Wall had surgery on Feb. 12. Even if he returns one year after going under the knife, he will still miss roughly 50 games next season. When he does come back, there are no guarantees he will be the same player. He turns 29 in September and a ruptured Achilles is a very serious injury, especially for a guy whose game has traditionally been reliant on speed.

The Wizards, of course, hope Wall will regain his peak form, but even if that happens it is unlikely to be the case right away. It may not be until the 2020-21 season until the Wizards get a true read on Wall post-surgery and how much value he can provide while making the money he is due. 

Speaking of the money, Wall will still take up a considerable chunk of the salary cap despite not playing. He is set to earn 35 percent of the cap next season, which right now is projected at about $37.8 million. Though that could technically fluctuate based on the final cap number, the percentage is what matters. The Wizards will basically have to build a roster with only 65 percent of the cap at their disposal.

There is an argument that Wall's injury is one of the biggest roster-building obstacles in NBA history. Supermax contracts, ones that allow players to make a contract that begins at 35 percent of the salary cap, are a new concept. And no one else has suffered such a serious injury while getting paid that type of money. 

It may not be quite what the Brooklyn Nets overcame in the fallout of their infamous trade with the Boston Celtics, the one that resulted in a net loss of three first round picks. But it's a bad situation, one that will require some creativity from whomever is tasked with pulling the Wizards out of it.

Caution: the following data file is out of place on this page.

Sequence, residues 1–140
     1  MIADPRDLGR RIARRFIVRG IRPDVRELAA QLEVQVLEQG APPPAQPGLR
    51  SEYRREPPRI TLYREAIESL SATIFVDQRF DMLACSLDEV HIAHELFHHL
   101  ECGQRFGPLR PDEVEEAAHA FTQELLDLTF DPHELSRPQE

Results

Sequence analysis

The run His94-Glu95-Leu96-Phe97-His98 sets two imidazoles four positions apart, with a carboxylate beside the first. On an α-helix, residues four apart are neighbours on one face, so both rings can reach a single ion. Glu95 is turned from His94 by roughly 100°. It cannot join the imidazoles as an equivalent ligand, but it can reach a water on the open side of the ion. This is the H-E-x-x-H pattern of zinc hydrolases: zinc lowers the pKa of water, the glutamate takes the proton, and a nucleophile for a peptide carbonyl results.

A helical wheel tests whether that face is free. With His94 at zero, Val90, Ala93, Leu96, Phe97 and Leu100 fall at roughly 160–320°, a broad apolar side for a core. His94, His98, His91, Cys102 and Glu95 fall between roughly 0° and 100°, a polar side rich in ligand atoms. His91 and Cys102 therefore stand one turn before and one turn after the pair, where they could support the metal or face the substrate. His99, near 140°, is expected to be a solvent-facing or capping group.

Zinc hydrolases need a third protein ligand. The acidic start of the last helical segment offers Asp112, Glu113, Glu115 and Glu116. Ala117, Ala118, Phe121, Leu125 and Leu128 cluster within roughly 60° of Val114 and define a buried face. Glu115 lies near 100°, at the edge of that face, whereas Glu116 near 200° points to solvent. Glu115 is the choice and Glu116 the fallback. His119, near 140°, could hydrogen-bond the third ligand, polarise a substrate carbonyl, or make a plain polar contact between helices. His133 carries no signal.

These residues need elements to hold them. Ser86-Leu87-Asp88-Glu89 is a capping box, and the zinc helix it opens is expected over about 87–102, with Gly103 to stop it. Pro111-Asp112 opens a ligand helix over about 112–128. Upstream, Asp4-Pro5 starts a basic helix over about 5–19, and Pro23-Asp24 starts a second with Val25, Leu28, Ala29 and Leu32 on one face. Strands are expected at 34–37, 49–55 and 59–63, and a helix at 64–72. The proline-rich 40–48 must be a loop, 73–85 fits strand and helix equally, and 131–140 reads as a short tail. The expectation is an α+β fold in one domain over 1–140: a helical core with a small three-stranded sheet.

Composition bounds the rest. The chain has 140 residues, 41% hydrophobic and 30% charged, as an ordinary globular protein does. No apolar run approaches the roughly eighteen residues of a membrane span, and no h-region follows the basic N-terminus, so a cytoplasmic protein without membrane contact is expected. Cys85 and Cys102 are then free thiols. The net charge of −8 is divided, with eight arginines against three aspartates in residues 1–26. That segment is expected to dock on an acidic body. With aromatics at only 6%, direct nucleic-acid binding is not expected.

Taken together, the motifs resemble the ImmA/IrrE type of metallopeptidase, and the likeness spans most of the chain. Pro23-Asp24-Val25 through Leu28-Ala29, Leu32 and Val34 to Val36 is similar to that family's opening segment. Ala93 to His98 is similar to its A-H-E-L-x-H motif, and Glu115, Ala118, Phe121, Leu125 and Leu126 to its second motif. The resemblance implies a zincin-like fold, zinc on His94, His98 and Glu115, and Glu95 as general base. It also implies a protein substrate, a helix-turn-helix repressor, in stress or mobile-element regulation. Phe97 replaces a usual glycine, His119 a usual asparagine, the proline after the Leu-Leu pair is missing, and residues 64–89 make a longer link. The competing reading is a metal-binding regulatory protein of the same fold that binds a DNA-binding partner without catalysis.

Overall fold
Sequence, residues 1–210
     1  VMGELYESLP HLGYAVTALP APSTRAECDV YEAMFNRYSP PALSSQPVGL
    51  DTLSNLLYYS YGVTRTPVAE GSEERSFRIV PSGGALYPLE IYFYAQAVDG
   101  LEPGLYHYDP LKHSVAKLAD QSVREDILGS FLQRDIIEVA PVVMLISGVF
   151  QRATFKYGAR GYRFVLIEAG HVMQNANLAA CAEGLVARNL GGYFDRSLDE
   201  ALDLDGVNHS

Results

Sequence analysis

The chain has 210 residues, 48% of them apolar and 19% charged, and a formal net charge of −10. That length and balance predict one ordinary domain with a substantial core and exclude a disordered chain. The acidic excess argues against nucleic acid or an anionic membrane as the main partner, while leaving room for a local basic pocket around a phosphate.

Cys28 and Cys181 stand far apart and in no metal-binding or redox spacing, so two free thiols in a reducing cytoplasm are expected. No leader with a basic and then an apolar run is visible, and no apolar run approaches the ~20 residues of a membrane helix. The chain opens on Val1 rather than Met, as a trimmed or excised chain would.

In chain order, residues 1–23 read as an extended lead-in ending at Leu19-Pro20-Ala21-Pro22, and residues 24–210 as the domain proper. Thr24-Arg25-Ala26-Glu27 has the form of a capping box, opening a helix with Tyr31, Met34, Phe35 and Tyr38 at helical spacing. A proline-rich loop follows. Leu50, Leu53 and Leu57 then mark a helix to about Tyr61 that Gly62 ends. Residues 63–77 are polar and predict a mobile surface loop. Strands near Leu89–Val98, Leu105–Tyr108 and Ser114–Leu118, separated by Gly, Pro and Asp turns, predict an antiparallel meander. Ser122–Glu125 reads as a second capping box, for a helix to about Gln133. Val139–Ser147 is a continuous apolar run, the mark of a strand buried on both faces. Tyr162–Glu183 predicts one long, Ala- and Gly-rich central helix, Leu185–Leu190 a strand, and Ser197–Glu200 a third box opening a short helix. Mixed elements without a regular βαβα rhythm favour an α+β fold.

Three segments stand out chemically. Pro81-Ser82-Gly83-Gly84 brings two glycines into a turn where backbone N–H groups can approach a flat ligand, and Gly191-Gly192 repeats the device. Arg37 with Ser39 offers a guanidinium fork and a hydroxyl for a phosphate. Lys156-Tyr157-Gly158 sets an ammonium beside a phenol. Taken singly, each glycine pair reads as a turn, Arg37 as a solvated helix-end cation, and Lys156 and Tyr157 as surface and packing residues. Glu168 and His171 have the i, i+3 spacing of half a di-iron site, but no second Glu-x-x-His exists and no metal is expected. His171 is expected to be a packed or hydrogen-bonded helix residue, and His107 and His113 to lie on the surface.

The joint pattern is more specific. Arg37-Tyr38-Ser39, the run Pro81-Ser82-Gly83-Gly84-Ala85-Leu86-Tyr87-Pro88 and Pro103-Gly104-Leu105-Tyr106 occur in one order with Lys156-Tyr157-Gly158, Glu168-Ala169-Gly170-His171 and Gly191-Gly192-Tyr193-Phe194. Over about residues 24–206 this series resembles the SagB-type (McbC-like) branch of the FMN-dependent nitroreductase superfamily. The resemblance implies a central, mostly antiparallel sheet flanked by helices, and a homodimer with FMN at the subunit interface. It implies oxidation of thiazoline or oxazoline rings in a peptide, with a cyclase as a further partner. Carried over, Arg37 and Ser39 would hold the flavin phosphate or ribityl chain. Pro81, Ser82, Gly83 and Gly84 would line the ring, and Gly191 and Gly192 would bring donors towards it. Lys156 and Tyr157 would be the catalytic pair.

The long-term ramifications will depend on how Wall plays when he returns, but the short-term effect will clearly be felt. First, the Wizards have to have an insurance policy at point guard and a good one if they hope to compete for the playoffs. Maybe that is as simple as re-signing Tomas Satoransky, but regardless they have to shore up that position, knowing Wall's status.

Second, the Wizards need to find bargains to fill out the rest of their roster. They will have to find some cheap players simply to reach the 13-player minimum with Bradley Beal's max deal also on the books. Beal will earn roughly $27.1 million next season.

The biggest question as it pertains to Wall may deal with the NBA Draft on June 20. What if the Wizards get some luck in the May 14 draft lottery, but not enough to get the No. 1 pick (i.e. Zion Williamson), and Ja Morant is the best player on the board? Morant, of course, is the Murray State superstar who lit up the NCAA Tournament in March.

Morant is dynamic and has serious star potential, and he plays point guard. Wall was already asked about the potential of the Wizards drafting a point guard with a high pick. He said he would be fine with it, but that when he returns that draft pick can "be a great back-up" to him.

If the Wizards picked Morant, or even Coby White of North Carolina, it would arguably be the smart move to make. They need to select the best player available, no matter the position. 

But if they do take a point guard, that will present a unique dynamic to their locker room, especially if that player turns into a star. What if Morant comes in and lights it up as a rookie? How will Wall deal with that? And could you then put Morant on the bench when Wall returns, as Wall suggests they would?

Those are hypothetical scenarios that can be addressed if they actually enter the equation this summer and beyond. But there is no question that, even as Wall is sidelined with an injury, his presence will loom over the Wizards in many ways.